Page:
Long before we all watched Don Draper sleep off a late night in the office, the ad industry has been known for intense schedules and heavy workloads. This is particularly true for those on the lowest rungs of the agency ladder, who are expected to make up for what they lack in experience with enthusiasm and resilience.
“Life is work, in my book,” wrote one agency CEO in a recent all-staff memo commending two employees at TBWA\Chiat\Day New York who opted to skip a friend’s bachelor party in order to work over the weekend.
This is a nearly universal sentiment—and it’s hardly new.
“I believe in paying your dues,” said Kasia Wyser-Pratte, who worked as an art director for nearly 20 years before landing a gig at Google’s Brand Studio. “As a junior creative, I always worked my ears off and late. That’s how you hone your skills and learn to be efficient.” Tim Young, a longtime agency veteran who is now a freelance creative recruiter, added, “I went into [advertising] knowing, because of the classwork, that it would be intense. Why wouldn’t it be that way when I get into a real job?”
That’s not necessarily a bad thing. “If you do what you love, it doesn’t feel like work,” said Karine Shahar, who spent more than eight years in human resources at Apple’s dedicated agency, Media Arts Lab, before joining sneaker marketplace startup GOAT earlier this year.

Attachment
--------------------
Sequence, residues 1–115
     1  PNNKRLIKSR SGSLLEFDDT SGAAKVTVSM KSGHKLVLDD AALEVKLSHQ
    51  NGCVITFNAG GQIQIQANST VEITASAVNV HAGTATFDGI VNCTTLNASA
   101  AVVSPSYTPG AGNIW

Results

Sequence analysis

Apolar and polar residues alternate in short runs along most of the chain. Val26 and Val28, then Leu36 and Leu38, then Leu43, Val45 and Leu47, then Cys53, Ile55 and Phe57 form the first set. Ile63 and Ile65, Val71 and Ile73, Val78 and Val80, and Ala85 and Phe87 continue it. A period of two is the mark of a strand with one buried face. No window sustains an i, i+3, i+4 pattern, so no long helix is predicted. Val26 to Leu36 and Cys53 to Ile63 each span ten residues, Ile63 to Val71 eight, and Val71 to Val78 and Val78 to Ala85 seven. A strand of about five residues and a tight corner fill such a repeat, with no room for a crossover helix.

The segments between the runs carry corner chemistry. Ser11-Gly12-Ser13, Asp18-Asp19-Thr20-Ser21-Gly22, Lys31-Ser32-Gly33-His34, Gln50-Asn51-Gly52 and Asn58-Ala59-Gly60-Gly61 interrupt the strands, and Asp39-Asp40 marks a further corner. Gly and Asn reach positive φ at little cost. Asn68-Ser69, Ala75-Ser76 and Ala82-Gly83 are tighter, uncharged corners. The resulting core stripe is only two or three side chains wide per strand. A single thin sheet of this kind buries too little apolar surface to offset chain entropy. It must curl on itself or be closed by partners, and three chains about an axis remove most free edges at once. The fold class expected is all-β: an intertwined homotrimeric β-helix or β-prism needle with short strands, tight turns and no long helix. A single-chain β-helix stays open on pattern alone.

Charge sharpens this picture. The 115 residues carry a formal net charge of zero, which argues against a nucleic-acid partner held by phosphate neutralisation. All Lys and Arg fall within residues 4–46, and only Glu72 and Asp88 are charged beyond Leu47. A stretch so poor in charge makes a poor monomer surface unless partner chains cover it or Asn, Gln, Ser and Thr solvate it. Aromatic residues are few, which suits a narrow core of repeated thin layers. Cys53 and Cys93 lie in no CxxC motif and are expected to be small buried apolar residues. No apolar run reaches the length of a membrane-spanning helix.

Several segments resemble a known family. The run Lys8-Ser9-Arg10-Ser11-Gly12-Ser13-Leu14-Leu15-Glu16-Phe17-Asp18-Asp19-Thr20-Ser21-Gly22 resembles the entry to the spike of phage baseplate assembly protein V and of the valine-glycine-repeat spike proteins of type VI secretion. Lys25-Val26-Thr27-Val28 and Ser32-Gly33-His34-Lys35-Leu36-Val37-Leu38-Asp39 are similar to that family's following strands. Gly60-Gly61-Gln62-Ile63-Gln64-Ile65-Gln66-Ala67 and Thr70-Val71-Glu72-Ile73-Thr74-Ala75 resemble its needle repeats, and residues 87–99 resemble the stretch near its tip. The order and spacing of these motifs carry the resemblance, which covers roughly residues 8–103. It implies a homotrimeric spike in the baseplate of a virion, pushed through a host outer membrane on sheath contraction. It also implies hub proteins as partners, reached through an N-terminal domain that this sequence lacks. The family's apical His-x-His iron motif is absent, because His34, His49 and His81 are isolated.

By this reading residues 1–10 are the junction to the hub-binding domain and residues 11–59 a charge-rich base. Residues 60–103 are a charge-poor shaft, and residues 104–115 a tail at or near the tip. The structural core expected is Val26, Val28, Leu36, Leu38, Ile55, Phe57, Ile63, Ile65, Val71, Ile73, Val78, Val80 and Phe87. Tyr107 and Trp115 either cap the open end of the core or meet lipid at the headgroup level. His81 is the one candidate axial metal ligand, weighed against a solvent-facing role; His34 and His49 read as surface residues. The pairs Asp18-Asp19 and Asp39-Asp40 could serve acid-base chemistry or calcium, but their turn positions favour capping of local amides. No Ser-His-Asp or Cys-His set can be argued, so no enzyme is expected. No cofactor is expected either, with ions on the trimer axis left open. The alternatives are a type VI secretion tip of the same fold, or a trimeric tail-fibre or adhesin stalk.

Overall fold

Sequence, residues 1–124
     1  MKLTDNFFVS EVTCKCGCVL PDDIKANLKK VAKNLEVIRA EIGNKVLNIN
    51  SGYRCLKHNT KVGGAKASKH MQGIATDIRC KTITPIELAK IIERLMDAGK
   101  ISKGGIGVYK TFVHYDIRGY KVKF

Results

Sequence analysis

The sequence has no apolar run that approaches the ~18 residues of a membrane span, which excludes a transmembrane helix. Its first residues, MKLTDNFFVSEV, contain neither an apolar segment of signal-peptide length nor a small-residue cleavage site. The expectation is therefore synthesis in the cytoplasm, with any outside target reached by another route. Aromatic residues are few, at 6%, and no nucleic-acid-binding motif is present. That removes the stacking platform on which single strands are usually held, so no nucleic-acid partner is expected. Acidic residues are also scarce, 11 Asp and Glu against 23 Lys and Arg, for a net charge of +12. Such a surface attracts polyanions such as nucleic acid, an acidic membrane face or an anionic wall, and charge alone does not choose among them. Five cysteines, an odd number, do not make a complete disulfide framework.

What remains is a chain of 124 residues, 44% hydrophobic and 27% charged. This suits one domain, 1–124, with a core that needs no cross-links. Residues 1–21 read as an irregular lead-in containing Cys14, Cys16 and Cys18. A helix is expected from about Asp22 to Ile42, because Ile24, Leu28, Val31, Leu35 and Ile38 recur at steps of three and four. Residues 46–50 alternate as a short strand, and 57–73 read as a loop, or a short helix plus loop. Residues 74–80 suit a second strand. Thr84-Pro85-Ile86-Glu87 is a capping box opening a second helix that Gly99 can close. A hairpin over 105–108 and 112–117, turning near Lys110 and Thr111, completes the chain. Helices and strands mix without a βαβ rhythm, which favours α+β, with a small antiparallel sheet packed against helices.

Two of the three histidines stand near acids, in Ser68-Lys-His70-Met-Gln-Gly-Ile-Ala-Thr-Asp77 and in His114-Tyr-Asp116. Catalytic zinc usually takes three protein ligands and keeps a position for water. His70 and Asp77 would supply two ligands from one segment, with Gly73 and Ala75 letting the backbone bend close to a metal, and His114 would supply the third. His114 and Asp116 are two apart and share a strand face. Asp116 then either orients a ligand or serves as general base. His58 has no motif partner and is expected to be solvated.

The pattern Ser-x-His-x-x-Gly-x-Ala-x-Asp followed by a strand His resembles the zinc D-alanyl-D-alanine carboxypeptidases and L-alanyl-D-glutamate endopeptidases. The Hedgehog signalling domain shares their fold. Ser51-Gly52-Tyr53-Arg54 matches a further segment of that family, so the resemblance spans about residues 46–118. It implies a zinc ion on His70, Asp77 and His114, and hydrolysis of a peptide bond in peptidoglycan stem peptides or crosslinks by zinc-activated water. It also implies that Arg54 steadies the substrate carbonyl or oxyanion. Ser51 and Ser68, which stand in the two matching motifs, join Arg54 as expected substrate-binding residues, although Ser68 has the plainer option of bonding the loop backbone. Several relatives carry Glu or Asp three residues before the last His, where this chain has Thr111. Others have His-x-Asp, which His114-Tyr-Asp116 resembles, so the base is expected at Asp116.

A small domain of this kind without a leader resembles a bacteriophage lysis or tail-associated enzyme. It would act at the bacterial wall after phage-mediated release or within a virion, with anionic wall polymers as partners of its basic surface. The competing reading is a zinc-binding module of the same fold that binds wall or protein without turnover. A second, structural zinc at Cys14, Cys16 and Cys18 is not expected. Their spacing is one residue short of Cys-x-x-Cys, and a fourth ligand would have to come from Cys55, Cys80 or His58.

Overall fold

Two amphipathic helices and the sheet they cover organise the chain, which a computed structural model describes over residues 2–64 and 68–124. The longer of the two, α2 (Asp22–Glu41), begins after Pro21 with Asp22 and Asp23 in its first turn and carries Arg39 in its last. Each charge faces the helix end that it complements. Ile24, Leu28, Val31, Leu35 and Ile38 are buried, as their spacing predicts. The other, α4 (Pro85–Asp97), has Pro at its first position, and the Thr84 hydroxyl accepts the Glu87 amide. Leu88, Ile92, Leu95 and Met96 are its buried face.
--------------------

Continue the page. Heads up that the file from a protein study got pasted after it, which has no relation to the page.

So how can newbies avoid falling into the burnout rut? For one, they can be careful about where they choose to apply.
Young doesn’t think seniors and new grads should base their “wish lists” on which agencies get the best press. “Don’t focus on the agency’s reputation,” he said. “You don’t go for the company; you go for the location, the people and the mentors who will give you a shot to do your best work.”
On that note, he suggested that grads consider smaller agencies or design firms—not that working at such boutique shops won’t sometimes include 70-hour weeks. “When coming straight out of school, you are expected to … have heavier workloads than seniors,” Young said. “That’s the way it should be.”
Shahar warned against turning to Glassdoor, which hosts overwhelmingly negative company reviews, when researching potential jobs. “Reach out to people who worked in similar roles privately on LinkedIn and ask for their opinions,” she said, suggesting that applicants read as much as possible about the agencies they’re applying to, including company history and past/present client rosters. Frequent turnover and troubled relationships can be red flags.
Once grads have secured an interview, Shahar said they should find ways to inquire about work-life balance without using the phrase itself.
“Ask as many questions as possible around retention rates and day-to-day operations; the more vague people are about it, the messier things will be inside,” she added. Examples include which executives lead the creative process, how teams design work schedules and how often one will travel for remote commercial shoots.